Black scholars have worked to challenge the accepted white supremacist imperialist historical narrative of colonialism and enslavement. The legacy of the Haitian Revolution sits at the center of this effort to resist this narrative and provides an incalculable impact on the work of these radical scholars and their contributions to Black resistance
Originally Published in Fighting Words
This year represents the 98th anniversary of the launching of “Negro History Week” in 1926, later named Black History Month in 1976, after the federal government issued a proclamation in recognition of the contributions of African American people under the administration of President Gerald R. Ford.
The commemoration was founded by Dr. Carter G. Woodson, a pioneering scholar and public intellectual who founded the Journal of Negro History in 1915 and the Association for the Study of Negro Life and History the following year, 1916.
Woodson’s origins within the African American working class is a demonstration of the determination to seek formal education in the aftermath of the Civil War and Reconstruction in the South and other regions of the United States. Although Woodson came from humble beginnings and worked as a coal miner in West Virginia, he was able to put himself through high school, college and was eventually awarded a doctoral degree in history from Harvard University.
After teaching high school and college in Washington, D.C., Woodson became an independent scholar establishing the aforementioned journal, historical association and week of activities related to the achievements of African Africans and people of African descent. He established a headquarters in the nation’s capital while traveling extensively to deliver lectures in churches, community centers, schools and colleges.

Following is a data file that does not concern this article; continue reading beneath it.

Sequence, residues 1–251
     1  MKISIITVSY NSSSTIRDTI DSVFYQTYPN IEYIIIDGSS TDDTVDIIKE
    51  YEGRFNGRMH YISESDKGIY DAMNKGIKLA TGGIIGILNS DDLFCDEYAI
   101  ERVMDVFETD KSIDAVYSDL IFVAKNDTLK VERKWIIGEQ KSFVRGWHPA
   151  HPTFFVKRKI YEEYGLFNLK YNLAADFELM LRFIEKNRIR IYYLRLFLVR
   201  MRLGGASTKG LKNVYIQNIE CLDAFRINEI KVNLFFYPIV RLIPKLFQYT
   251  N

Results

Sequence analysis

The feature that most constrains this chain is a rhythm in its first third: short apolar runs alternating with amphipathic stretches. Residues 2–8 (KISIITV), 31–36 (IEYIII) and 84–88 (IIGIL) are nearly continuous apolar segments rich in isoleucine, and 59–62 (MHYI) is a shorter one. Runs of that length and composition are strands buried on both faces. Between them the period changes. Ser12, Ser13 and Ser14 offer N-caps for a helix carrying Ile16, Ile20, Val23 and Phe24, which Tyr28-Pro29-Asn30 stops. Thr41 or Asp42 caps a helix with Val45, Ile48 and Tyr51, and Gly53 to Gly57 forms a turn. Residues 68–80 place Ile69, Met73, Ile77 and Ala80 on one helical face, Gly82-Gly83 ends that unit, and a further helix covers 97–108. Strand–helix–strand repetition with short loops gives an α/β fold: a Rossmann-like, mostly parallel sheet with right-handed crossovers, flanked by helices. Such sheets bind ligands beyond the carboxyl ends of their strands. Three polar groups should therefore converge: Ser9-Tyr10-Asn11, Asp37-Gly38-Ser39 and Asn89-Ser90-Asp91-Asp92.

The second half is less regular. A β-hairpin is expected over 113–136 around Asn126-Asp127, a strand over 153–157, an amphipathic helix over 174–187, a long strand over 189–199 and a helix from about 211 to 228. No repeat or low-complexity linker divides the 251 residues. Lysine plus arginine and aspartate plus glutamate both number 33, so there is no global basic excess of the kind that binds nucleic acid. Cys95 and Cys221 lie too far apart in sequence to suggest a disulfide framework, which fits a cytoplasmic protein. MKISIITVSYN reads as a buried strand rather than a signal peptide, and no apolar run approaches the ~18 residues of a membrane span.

Although the historical studies of African enslavement, rebellions, the Civil War, Reconstruction and the Jim Crow eras were dominated by Southern segregationists and their sympathizers, an entirely different approach to these periods in history were soon advanced by African American and African Caribbean researchers and writers. Woodson was representative of a cadre of scholars which focused on the necessity of reversing institutional racism and national oppression in the U.S. and other geopolitical regions of the world.
The Haitian Revolution and Its Significance: Contributions of T.G. Steward
Between 1791-1804, the African population of Haiti rose up in a revolutionary war to end enslavement and declare themselves as an independent republic. These developments on this Caribbean island-nation known as Hispaniola struck fear in the slavocracy within other areas throughout the Antilles along with South and North America.
In the first volume and issue of the Journal of Negro History founded by Woodson, there was a book review of a study published by Theophilus Gould Steward (1843-1924) in 1914 entitled “The Haitian Revolution, 1791 to 1804”. The review was written by Jessie Redmond Fauset, African American woman editor and literary figure, who says that: